Sophia the last lady who has lived in the
House.
The two pictures one on each side of this,
are the parents of Queen Sophia, who were
King and Queen of Wurtenburg.
The picture of the grand-mother of Queen
Wilhelmina hangs on the opposite wall.
Below this picture is a beautiful pease of
mosaic, which is a present from the Pope
Pious the ninth.









On each side of this is a picture that
represents a Royal Hunting-party at Fon-
tainbleau. A very fine picture is that of John
Lothrop 1\otley, who was an America Histo-
rian. It was painted by Bisschop. Between
the windows is a picture of Napoleon the
third and the Empress Eugenia his wife.
The picture which stands on an eazel, was
painted by four Dutch ladies and given to
Queen Sophia-on her silver-wedding.
It represents orphans from the Hague and
Scheveningen who are waiting for the Queen,
to present her flowers.
The sofa and chairs are made by twelf
maids of honour of the Queen Sophia and
given to her as a silver-wedding present.
There is one chair in the room, which is
made of teak-wood and all hand-carving.
The table is inlaid with copper and turtle-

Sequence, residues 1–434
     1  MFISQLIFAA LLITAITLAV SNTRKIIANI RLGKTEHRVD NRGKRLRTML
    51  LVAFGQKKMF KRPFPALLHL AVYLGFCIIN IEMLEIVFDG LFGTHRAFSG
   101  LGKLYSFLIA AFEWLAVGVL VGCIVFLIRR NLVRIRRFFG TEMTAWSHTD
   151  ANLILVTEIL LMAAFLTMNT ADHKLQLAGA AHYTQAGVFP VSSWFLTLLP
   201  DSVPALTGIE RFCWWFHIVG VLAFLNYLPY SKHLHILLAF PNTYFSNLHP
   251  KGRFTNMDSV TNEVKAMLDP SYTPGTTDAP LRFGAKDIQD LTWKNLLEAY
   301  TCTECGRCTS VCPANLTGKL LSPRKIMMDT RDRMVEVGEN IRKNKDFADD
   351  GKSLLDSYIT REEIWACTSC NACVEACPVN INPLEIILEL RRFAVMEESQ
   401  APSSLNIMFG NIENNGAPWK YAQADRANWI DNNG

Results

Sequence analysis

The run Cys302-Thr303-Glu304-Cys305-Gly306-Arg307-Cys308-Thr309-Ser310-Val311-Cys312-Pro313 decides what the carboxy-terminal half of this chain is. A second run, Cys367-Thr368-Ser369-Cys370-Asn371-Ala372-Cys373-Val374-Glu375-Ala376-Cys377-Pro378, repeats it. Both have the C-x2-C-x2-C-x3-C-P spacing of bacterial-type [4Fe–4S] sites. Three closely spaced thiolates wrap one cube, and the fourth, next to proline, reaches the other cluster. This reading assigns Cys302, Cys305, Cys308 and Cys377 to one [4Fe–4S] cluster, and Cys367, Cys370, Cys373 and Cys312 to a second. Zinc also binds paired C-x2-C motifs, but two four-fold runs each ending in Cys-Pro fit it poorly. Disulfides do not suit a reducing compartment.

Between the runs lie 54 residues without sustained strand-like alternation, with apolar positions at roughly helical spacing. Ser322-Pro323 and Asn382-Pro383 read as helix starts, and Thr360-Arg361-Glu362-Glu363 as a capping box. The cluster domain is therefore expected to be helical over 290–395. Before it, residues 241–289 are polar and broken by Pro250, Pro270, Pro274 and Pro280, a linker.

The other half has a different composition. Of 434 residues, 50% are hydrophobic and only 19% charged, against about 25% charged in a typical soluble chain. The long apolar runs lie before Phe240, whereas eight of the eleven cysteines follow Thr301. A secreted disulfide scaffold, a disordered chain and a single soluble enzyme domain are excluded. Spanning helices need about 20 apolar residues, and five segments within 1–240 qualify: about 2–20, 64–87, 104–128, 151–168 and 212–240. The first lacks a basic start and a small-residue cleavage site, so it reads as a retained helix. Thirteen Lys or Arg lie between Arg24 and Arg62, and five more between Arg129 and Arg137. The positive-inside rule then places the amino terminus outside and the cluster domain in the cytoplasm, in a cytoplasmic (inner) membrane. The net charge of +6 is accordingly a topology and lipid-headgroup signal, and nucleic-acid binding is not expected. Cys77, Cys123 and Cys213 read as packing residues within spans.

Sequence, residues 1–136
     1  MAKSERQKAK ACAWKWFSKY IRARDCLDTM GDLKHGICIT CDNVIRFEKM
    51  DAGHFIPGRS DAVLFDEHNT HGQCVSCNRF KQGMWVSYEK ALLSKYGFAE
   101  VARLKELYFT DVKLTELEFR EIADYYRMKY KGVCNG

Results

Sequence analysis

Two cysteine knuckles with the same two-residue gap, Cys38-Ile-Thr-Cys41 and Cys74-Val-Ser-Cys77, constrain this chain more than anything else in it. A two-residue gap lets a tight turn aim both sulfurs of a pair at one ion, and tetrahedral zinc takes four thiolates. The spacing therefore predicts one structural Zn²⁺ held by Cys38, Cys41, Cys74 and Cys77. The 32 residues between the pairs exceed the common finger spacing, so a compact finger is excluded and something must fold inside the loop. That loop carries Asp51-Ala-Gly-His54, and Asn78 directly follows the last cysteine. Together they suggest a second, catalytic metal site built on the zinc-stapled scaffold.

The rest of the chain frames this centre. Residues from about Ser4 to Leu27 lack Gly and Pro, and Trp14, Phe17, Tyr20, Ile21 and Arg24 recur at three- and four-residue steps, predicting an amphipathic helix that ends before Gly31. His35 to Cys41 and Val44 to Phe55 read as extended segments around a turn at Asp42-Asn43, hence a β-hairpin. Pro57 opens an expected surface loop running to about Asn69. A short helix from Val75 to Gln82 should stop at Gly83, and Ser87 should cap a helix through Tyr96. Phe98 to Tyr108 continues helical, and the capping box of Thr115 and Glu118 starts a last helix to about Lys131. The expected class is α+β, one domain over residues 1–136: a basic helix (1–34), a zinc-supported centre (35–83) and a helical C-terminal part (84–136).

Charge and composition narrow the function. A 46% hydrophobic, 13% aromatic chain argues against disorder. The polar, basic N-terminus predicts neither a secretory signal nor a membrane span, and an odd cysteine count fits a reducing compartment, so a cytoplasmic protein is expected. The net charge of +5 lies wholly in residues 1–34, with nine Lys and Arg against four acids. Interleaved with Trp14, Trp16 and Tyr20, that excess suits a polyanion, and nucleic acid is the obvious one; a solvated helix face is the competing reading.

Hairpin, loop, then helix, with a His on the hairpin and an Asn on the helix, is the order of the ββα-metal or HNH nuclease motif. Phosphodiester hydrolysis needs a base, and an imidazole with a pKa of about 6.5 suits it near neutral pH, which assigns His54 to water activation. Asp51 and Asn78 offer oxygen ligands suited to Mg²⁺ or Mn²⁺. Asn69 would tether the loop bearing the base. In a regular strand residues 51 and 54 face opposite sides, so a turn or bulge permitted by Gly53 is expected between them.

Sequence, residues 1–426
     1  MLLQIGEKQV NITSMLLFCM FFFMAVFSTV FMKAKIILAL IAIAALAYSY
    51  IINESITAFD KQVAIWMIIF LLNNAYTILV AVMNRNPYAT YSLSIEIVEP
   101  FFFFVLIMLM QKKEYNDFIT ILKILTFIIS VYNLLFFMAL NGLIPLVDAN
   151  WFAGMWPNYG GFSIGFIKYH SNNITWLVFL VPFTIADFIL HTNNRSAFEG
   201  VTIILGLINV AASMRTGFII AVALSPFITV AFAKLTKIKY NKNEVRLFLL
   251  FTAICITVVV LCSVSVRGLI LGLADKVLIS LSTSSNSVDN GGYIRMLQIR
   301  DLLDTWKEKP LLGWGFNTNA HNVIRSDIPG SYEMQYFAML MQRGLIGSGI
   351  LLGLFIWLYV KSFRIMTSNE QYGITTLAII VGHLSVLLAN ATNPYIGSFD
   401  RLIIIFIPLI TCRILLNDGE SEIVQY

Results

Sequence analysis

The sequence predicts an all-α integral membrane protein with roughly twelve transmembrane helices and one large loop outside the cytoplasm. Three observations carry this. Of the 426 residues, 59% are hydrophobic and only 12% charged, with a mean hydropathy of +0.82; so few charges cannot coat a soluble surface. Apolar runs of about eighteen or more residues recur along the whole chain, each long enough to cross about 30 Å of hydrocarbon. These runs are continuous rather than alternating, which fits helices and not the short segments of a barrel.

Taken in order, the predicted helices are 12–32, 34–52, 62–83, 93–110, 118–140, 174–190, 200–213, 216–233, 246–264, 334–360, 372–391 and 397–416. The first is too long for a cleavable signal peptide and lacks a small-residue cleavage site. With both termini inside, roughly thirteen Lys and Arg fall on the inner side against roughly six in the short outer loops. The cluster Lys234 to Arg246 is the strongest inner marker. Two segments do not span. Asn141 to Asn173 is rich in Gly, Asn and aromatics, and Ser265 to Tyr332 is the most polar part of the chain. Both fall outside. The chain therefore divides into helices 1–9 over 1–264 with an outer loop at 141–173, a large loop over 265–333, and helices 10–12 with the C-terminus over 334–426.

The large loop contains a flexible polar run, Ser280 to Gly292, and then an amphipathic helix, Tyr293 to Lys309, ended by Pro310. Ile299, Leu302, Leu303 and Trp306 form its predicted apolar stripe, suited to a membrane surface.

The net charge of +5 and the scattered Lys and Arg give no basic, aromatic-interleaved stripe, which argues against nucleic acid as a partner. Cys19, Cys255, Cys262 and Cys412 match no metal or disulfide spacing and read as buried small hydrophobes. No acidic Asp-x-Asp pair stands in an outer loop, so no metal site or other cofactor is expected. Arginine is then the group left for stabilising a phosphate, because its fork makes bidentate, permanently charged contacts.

shell.
The two babies, a sleeping and a playing
one, are made out of one pease of marble.
A small table before the window represents
all the fables of Lafonteine.
Very interested are the two vases made
of carved cocoanuts and standard-gold.









The table with a clock in the middle, is
made of lapislazuly. This is the last of the
interior of the House which is worth to
describe.

N.B. The statue out side, is that of Prince
Frederick Henry given by the German
Emperor in 1908 and unveiled by Queen
Wilhelmina. The four marble figures
which are at the main entrance repre-
sent four different Stadholders.





Published by S. VAN DER VLUGT,
Official guide at the Hague Station,

64 JACOB VAN CAMPENPLEIN.